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Thomas Park in Katy, Texas: A Tri-County Park

I live in Houston, and I have worked as a nurse. My interests include art, traveling, reading, gardening, cooking, and our wonderful pets.

Tri-County Marker in Thomas Park

Tri-County Marker in Thomas Park

Thomas Park

This Katy, Texas park may be small, but Thomas Park is the exact spot where three counties meet. Those counties are Harris County (to the east), Fort Bend County (to the southwest), and Waller County (to the north). A three-sided brick monument marks the location with the names of each county facing in the appropriate direction.

You can easily find this historical park at the end of 3rd Street just off of Avenue D in Katy, Texas.

Historical Marker for the Katy Bicentennial

July 4, 1976, is the date of the town of Katy marking its 200th anniversary. One of the founding fathers of Katy was Oliver Thomas. Back in 1885, he purchased three hundred and twenty acres of land. His plan for the town’s growth included parks. One of them is the marvelous Mary Jo Peckham Park. This Thomas park bears his last name.

Three of his heirs donated this land for the park back on December 23, 1907, according to the marker pictured above. Their names are L.C. Luckel, J.O. Thomas, and R.M. Cash.

One crosses a small bridge into the park.

One crosses a small bridge into the park.

Children’s Playground

As in most parks, Thomas Park includes a cute playground for little children. On our first visit to this park, the playing area was in full use. The day I took these photos (below), we pretty much had the park to ourselves.

Paved Path in Thomas Park

For people who wish to rack up some significant mileage walking or jogging, it would take multiple trips around this paved path in Thomas Park to achieve that goal. In that way, it is similar to Maxwell Park in Cypress, Texas, which is a part of the Houston metropolitan area. One can see from one end of the park to the other in both of these parks.

This walkway is suitable for quiet strolling through the verdant green lawn and tree-shaded areas. I can envision lovers quietly walking hand in hand, making plans for their futures. Perhaps parents want to get in a bit of exercise while their little tykes play on the swings. My husband and I used the path to wander through the park while I snapped photos.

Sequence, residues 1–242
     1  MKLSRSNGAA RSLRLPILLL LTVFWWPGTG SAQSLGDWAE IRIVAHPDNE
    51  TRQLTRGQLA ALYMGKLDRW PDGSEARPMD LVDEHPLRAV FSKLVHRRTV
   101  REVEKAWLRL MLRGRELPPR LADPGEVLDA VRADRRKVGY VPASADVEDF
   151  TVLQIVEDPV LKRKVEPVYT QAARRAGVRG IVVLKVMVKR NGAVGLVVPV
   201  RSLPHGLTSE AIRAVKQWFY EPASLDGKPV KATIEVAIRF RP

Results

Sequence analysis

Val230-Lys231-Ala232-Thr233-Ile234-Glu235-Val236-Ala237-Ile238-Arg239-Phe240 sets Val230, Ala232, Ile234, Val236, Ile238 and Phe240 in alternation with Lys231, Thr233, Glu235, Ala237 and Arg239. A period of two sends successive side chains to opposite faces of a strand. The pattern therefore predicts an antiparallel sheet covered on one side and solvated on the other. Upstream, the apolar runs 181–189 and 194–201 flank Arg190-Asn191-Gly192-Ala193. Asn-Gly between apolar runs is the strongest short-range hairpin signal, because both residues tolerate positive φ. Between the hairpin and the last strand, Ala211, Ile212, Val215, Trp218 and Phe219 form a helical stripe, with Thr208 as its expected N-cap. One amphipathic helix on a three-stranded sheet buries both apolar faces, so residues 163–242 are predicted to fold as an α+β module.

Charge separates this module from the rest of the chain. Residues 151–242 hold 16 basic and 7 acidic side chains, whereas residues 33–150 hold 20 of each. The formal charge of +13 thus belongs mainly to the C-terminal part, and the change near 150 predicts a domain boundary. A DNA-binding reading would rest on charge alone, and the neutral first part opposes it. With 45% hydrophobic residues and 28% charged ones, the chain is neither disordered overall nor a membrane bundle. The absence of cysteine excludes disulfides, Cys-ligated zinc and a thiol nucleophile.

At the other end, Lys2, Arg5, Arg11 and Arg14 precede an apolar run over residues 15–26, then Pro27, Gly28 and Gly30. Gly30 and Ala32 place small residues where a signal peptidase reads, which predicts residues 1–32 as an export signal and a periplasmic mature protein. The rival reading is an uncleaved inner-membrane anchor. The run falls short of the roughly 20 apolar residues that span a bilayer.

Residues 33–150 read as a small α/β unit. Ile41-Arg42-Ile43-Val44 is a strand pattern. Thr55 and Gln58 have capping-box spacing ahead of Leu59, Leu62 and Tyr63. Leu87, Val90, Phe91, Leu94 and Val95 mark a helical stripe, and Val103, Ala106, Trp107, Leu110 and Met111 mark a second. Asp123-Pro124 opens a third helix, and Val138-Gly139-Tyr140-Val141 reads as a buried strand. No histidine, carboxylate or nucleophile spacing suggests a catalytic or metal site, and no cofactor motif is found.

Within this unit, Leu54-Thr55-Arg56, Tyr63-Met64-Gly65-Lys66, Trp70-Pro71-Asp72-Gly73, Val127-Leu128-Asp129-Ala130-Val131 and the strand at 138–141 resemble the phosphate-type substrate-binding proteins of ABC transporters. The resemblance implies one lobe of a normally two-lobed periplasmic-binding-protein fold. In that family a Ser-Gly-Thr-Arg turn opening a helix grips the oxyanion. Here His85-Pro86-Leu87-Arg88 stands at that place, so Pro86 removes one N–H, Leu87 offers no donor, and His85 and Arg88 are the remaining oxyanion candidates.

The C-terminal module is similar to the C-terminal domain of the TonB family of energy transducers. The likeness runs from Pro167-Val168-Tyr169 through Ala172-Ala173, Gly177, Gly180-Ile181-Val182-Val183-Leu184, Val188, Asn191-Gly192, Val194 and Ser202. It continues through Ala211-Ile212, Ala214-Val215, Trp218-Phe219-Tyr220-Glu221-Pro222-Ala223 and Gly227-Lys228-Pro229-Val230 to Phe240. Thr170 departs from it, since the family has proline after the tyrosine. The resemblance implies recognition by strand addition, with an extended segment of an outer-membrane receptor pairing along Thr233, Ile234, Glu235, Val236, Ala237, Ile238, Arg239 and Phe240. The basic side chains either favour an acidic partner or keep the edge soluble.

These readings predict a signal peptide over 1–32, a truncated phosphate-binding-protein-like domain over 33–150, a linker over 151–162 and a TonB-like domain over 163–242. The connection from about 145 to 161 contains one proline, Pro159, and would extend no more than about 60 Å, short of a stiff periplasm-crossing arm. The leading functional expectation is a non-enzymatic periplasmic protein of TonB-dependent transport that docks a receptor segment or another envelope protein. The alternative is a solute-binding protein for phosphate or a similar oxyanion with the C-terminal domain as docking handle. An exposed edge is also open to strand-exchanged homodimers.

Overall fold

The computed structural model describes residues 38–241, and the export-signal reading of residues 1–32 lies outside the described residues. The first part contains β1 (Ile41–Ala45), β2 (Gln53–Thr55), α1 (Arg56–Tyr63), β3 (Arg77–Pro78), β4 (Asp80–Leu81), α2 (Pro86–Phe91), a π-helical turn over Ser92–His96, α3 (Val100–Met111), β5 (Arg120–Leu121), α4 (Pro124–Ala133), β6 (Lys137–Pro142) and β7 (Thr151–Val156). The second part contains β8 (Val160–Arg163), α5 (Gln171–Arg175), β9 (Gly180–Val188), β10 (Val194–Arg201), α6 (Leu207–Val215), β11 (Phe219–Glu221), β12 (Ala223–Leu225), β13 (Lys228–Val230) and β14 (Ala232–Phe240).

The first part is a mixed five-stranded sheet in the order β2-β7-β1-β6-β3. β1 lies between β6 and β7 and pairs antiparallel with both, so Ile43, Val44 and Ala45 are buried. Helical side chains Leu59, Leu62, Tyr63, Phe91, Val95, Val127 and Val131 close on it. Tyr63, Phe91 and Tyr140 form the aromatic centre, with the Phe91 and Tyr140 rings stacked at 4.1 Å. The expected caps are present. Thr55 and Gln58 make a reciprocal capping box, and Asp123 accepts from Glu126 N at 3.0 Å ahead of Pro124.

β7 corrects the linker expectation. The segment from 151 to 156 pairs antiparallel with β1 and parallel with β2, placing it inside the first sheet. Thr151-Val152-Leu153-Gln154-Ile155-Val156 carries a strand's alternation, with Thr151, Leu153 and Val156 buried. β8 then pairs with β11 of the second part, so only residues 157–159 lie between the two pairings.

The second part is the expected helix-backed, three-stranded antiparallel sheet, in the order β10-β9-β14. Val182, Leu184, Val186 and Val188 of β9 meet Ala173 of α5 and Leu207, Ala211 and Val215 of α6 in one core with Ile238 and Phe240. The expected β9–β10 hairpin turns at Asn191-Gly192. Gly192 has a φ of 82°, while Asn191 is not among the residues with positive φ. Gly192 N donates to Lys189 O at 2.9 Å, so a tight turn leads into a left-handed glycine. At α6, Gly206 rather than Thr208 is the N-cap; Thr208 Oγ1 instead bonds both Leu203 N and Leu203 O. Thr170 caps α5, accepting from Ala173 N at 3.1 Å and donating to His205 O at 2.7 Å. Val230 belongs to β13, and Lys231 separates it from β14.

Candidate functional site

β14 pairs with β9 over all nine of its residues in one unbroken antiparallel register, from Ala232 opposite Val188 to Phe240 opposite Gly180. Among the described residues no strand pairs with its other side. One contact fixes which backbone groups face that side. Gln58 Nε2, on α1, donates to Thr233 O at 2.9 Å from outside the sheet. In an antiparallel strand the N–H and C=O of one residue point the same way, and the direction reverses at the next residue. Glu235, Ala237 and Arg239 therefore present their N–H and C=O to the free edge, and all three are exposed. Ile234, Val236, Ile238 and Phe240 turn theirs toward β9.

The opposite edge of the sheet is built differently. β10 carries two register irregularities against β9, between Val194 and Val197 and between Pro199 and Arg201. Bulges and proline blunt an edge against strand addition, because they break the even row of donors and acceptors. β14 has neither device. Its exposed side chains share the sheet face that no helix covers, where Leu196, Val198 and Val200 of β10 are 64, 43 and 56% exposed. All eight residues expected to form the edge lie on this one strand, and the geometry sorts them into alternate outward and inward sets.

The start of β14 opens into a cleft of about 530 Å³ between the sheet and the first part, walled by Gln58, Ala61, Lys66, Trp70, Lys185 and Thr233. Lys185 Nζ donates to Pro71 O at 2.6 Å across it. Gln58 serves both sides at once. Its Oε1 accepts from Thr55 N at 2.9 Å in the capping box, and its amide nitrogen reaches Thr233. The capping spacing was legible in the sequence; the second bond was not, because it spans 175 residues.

Cane Island Creek borders one side of this set-aside land, and a fence is erected between the creek and the park undoubtedly for safety concerns.

Gazebo

This pretty gazebo is a focal point at one end of Thomas Park, with the Tri-County Marker being the focus at the other end. A picnic table was in the center of it on the day of our two visits. Undoubtedly this little gem is a draw for photographers who capture that perfect shot for wedding, graduation, or other occasions.

Other picnic tables, as well as benches, provide spots in which to rest and relax.

Restrooms

Despite the relatively small size of this park, toilets are on-site, which makes it helpful for people using the park.

The Restrooms in Thomas Park

The Restrooms in Thomas Park

Tri-County Marker

It is so beautiful when people donate land wishing for the public to be able to use it. Many of our parks, both local as well as state and national, have come into existence because of the generosity of donors. That alone is excellent. What makes this park uniquely significant is the fact of three Texas counties which meet precisely in this location.

It is a locale similar to what is known as the four corners. That is the exact point where four states (Colorado, Utah, Arizona, and New Mexico) meet.

Initially, there was a pillar marking the spot. Time and weather eventually took its toll. The remnant now sits on top of the three-sided brick structure, which marks the tri-county spot of demarcation.

Tiny But Sweet

A residential neighborhood adjoins Thomas Park offering nearby residents a place to congregate. This small park is open from 9 AM to 5 PM. If you are looking for a cute little area in which to gather, be sure to put Thomas Park on your list. Not all parks need to be grand in size!

“Nature surrounds us, from parks and backyards to streets and alleyways. Next time you go out for a walk, tread gently and remember that we are both inhabitants and stewards of nature in our neighborhoods.”

— David Suzuki

Source:

Thomas Park

This content is accurate and true to the best of the author’s knowledge and is not meant to substitute for formal and individualized advice from a qualified professional.

© 2020 Peggy Woods

Comments

Peggy Woods (author) from Houston, Texas on July 10, 2020:

Hi Niks,

Parks can offer fresh air and space in which to walk, picnic, or relax. Some are beautiful and expansive. This particular one is small but interesting as it marks the exact spot where three counties meet.

Niks from India on July 10, 2020:

I find parks to be great mood changers. A lovely park with beautiful pictures. Especially I liked the image of the children's playground area. Informative and engaging hub.

Peggy Woods (author) from Houston, Texas on April 21, 2020:

Hi Bill,

The land area of Katy, Texas, is small, and therefore the population. However, it is surrounded by the metro area of Houston, which is growing by leaps and bounds. It no longer feels like a small town.

Peggy Woods (author) from Houston, Texas on April 18, 2020:

Hi Liz,

People still need to take precautions not to get too close to people, even in open spaces. Hopefully, as soon as a vaccine is developed, COVID-19 will be a thing of the past.

Bill Holland from Olympia, WA on April 18, 2020:

So I just looked up Katy, Texas, and it has a population of 15,000. There is a lot happening in a city of that size. I'm impressed.

Liz Westwood from UK on April 18, 2020:

This is a great guide and source of useful information. Green spaces like this are so important during lockdown.